• Monica Solis, a student at Northern Virginia Community College, served at New Hope Fellowship in Alexandria, Va. with Grace Parker, a junior at Goshen College.
  • Patrick Ressler, from Goshen, served at Germantown Mennonite Church, Philadelphia, through a partnership for supervision from Franconia Conference.
  • Jamie Hiner, senior, and Bianca Lani Prunes, sophomore, from EMU served with the Oxford Circle Christian Community Development Association in Philadelphia.
  • Ben Sutter, a junior from Goshen, served with Steve Kriss on the communication team of Franconia Conference.
  • Joanne Gallardo, EMU Associate Campus Pastor, spent her summer doing a residency at Deep Run Mennonite Church East in Perkasie, Pa.

Overwhelmed by Generosity; Young adults to build relationships in Mexico City

A group of younger adults will fly to Mexico City this July to build relationships and learn about connecting with local community. The trip, led by Rockhill Mennonite Church and Franconia Mennonite Conference, will partner with the Conferencia de Iglesias Evangélicas Anabautistas Menonitas de México (CIEAMM) in offering children and youth programs and community outreach.

“This is an exciting possibility for young leaders to contribute and learn in one of the world’s biggest cities, to help build on generations of leadership, service, and partnership between
American and Mexican Mennonites,” said Steve Kriss, Director of Leadership Cultivation for Franconia Conference. “I love the energy of Mexico City and the creativity of young leaders
there.”

Rockhill Mennonite’s youth pastor, Angela Moyer, has taken her youth group on service trips to Mexico City twice and felt like the time had come to expand the relationship between Mexican
and American Mennonites. In the past, American churches have always sent money, she said, “but these churches don’t need our money—they appreciate our time and energy.” Time and energy used not to construct buildings, but to share in the task of ministry.

The growth of technology has meant that these new relationships, separated by thousands of miles, can remain connected in everyday life. “I can text them,” Moyer said. “We’re on Facebook.” As she looked ahead to this summer, Moyer began to imagine how to further nurture these relationships. The idea for this trip as a broader Conference opportunity emerged; a trip that will be mutually beneficial for both American and Mexican Mennonites.

American visitors are blessed by their Mexican brothers’ and sisters’ hospitality, passion, and love. “[The team] will be overwhelmed by generosity,” Moyer said. They will experience
what it means to be involved in local community in tangible ways and catch a glimpse of what Anabaptism looks like in a context that doesn’t include shoe fly pie and funny cake.

At the same time, “We bring them the world,” said Moyer. Because of financial and immigration issues, many Mexicans can’t make the trek to the US. When American Mennonites visit, the CIEAMM’s young people get a chance to connect with the global church beyond Mexico, have an opportunity to learn and practice their English, and discover that the US is more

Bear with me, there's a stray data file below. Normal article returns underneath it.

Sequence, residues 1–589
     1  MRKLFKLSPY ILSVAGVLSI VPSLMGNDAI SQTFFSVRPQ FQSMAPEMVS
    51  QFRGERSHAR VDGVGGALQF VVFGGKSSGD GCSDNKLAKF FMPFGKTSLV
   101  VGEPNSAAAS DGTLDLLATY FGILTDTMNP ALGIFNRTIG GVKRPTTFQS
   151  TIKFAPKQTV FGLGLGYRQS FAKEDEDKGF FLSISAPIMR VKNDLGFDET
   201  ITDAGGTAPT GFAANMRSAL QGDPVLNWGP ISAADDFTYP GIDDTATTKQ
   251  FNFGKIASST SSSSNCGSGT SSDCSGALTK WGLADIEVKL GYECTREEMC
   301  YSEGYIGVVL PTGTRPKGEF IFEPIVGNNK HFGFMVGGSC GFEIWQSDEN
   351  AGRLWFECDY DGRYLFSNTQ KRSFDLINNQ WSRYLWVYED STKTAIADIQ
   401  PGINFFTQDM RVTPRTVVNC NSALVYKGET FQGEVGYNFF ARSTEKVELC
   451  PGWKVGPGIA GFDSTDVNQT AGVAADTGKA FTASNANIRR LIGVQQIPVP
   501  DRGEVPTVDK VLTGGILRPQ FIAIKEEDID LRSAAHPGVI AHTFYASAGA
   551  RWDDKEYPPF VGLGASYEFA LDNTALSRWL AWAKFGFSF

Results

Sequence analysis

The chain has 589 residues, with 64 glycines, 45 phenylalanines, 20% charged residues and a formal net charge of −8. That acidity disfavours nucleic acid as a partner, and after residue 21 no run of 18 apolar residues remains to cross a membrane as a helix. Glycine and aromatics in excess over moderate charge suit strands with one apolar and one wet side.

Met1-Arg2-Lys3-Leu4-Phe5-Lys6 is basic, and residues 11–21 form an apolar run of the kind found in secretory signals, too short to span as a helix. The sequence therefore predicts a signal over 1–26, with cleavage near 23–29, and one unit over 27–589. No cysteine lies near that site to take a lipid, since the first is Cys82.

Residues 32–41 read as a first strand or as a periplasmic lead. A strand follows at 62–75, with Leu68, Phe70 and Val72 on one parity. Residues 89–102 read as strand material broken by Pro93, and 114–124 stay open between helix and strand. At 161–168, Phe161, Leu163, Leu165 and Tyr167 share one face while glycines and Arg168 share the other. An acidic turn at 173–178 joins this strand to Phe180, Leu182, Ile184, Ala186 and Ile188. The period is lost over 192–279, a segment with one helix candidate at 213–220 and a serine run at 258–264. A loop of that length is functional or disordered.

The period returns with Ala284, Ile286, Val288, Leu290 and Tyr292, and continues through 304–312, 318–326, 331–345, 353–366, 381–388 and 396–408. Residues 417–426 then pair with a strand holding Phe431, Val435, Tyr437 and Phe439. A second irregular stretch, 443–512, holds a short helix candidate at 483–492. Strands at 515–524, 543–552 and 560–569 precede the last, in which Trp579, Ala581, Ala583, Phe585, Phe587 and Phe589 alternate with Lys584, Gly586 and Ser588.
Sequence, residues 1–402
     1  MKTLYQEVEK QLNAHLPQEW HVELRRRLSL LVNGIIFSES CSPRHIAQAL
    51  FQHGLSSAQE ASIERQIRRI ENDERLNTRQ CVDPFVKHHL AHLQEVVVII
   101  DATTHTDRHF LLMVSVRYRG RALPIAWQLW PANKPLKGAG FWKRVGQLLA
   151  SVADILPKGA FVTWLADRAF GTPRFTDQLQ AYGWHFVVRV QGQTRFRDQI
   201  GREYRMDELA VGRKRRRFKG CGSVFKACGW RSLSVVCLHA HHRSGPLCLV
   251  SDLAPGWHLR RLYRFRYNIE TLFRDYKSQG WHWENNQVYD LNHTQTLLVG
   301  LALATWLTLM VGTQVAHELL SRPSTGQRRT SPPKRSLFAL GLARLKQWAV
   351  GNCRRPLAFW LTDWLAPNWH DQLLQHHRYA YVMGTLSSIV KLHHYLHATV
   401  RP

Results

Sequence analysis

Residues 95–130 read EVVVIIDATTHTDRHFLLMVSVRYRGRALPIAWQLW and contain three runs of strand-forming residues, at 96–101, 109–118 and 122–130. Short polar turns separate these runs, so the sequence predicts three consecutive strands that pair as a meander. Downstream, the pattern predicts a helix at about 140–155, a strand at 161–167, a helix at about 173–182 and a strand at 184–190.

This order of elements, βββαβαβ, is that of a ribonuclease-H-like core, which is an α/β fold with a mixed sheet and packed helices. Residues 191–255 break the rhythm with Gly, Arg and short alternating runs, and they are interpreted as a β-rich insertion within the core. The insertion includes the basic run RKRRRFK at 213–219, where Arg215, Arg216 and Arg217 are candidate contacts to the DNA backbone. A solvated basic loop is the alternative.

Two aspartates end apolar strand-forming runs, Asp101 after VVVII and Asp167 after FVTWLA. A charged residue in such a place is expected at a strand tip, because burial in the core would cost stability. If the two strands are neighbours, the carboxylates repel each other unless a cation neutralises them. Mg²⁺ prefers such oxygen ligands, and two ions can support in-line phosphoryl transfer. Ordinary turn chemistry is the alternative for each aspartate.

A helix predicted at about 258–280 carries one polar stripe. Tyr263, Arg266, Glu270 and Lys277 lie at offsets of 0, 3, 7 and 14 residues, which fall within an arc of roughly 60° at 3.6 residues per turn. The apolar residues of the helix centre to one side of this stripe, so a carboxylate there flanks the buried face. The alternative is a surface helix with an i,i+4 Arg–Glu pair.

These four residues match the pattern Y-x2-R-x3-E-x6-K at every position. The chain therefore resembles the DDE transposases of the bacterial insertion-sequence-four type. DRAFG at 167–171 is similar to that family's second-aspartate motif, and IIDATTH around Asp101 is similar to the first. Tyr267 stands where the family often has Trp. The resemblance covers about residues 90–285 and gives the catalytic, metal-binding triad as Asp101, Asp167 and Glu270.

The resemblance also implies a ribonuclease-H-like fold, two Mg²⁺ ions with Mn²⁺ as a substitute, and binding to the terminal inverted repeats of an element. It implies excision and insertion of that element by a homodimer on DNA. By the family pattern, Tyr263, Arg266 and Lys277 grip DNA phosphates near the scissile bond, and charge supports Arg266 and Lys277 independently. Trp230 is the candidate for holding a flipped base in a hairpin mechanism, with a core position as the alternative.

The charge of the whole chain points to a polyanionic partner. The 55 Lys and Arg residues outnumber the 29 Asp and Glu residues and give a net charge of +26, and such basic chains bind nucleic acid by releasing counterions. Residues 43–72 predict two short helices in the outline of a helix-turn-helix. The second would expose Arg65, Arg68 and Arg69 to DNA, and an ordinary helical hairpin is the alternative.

than Hollywood.

The Americans’ presence is also an encouragement. Moyer noted that Mexican pastors have asked her, “Why are you guys here serving the kids in our community when most of our own
church isn’t here?” Something about the presence of visitors, working alongside local believers, increases the energy in their own church for Bible School.

And for the CIEAMM, Bible School is still a big deal. The thirteen congregations that form the CIEAMM are on the fringes of Mexico City, ministering to broken families. The children who
live in their neighborhoods have nowhere to go when school is out; Bible School provides a safe and loving place and welcoming diversion, just down the street.


“We’ll be creating space for the church to love the community, in whatever way the local pastors feel would be helpful,” Moyer said, adding with a laugh, “That could take on a very different
look.” One time, she remembers, her youth group joined Bible School children on a peace march. Another time, a pastor was invited to a child’s 1st birthday party—so he brought the
entire team along.

No matter what happens, this will not be a typical service trip—it’s not about accomplishing a project, but about supporting and encouraging the work of the Mennonite Churches in Mexico
City. For those who have never been on a trip overseas before, this will be a great way to ease in, said Moyer. And for those who are service trip veterans, this will be a breath of fresh air, a chance to experience the meaning of generosity and locality.

The Mexico City trip, July 20-August 3, still has several slots available. For more information or to sign up, contact Angela Moyer (moyer1218@hotmail.com). The cost is $1000 per person.

Youth in the city: Rooted in the future

Young leaders retreat into Philadelphia for a new kind of leadership formation

–Kayla Benner, Ambler Mennonite Church

“I remember your genuine faith, for you share the faith that first filled your grandmother Lois and your mother, Eunice. And I know that same faith continues strong in you. This is why I remind you to fan into flames the spiritual gift God gave you when I laid my hands on you. For God has not given us a spirit of fear and timidity, but of power, love, and self-discipline.” (2 Timothy 1:5-7)On November 20, 2010, I attended the Youth Leadership Retreat along with youth from churches and ministries across Eastern District and Franconia Mennonite Conference. We were all chosen to attend this “retreat” because of leadership qualities that adults have already seen within us. As this busy and spiritually charged day went by I learned many things about my peers, myself, and most importantly the power of Christ and his people.